Los Angeles Greenhouse Gas Credit Exchange Developing

By Published On: February 8, 2008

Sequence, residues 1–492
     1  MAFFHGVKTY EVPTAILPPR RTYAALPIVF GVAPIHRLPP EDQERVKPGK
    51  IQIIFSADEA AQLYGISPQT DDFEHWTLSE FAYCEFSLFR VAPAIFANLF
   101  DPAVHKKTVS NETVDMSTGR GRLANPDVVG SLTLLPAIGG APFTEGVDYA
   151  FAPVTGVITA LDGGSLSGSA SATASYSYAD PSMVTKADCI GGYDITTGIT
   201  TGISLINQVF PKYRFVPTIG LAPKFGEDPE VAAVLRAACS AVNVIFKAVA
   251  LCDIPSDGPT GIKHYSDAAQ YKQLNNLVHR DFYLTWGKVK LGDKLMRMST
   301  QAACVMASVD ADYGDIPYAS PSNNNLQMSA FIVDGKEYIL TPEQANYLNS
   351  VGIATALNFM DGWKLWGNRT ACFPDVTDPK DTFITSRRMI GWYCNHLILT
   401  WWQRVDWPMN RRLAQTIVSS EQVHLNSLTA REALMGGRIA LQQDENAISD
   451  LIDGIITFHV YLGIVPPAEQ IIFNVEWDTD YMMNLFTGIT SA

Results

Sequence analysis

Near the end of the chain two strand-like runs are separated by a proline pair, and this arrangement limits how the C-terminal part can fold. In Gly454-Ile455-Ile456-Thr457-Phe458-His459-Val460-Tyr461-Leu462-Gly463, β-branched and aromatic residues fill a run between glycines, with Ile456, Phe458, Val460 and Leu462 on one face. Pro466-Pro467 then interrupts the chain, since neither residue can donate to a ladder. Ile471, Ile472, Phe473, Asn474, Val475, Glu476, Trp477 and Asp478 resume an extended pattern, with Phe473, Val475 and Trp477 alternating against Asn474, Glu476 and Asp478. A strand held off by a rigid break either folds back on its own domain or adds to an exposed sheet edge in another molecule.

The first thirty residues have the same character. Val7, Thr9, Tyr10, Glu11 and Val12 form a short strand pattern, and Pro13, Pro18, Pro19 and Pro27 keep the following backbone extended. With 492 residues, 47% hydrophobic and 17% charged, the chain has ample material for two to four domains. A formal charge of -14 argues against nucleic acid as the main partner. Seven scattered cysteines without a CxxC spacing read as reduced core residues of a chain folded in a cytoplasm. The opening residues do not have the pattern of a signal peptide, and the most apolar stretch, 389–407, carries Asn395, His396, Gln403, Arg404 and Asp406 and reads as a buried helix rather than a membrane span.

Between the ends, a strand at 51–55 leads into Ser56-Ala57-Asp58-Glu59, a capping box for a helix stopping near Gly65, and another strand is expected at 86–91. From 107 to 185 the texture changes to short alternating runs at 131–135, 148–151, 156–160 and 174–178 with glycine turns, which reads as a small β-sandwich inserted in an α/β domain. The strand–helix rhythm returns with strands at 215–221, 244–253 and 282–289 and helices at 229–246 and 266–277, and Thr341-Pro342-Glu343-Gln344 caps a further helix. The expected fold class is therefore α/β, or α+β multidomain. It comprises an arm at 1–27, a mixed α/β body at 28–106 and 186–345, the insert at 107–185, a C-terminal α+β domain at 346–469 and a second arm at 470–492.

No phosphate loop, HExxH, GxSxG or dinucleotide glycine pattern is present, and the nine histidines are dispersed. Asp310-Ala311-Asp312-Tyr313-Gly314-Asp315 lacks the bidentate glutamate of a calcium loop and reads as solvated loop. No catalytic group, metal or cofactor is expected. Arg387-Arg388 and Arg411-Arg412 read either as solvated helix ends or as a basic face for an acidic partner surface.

The South Coast Air Quality Management District February 1 agreed to put together a voluntary “climate solutions exchange” program. The district said its plan for the greater Los Angeles area would help cut greenhouse gas emissions in a way that stimulates local investment and reduces smog and toxic air pollution–particularly in environmental justice communities. “Our efforts will complement those of the state Air Resources Board to implement AB 32,” said SCAQMD chair William Burke. AB 32 is the state’s landmark climate protection law. The district’s parent agency, the California Air Resources Board, is on its way to implement plans to reduce greenhouse gas emissions to comply with AB 32. SCAQMD’s climate exchange program is to include greenhouse gas emissions quantification requirements for participating organizations. It also is to include a process for certifying and registering emission reductions credits, and processes for tracking and exchanging credits, according to Barry Wallerstein, SCAQMD executive officer. Companies would be able to earn emission reduction credits under the program by investing in an “air quality investment fund” that would finance projects that cut greenhouse gases, he explained. Establishing the exchange is intended to allow Los Angeles area companies to capture credit for early voluntary steps to cut greenhouse gas emissions, he added. SCAQMD plans to develop regulations and fees to put the program in place by September 2008, under the auspices of a technical advisory committee to be appointed in the weeks ahead. In other action, SCAQMD’s board approved a review of its emissions credit trading program for smog-forming pollutants. The agency said it would form a working group to study the market for the credits, which have been in short supply and when available have risen dramatically in price in the past couple of years. New power plants and industrial facilities must buy credits to offset their emissions. They can buy those credits from sources that have curbed their own pollution and freed up air quality so the new plants are able to run with their own pollution additions. In the last year, that credit market has been so tight that it has held up new power plant projects in the large, smoggy metro region. An earlier effort by SCAQMD to alleviate the tight credit market is mired in litigation. Meanwhile, recent data show that the credit market has become increasingly dominated by speculators. The board also approved a $447,000 contract with Global Energy Decisions to analyze the potential energy and capacity needs in the Southland and identify desirable locations to locate power generating facilities based on environmental and other concerns. Environmental justice advocates have fought licensing of plants in the area on grounds they would add pollution in areas already overburdened with unhealthy air.

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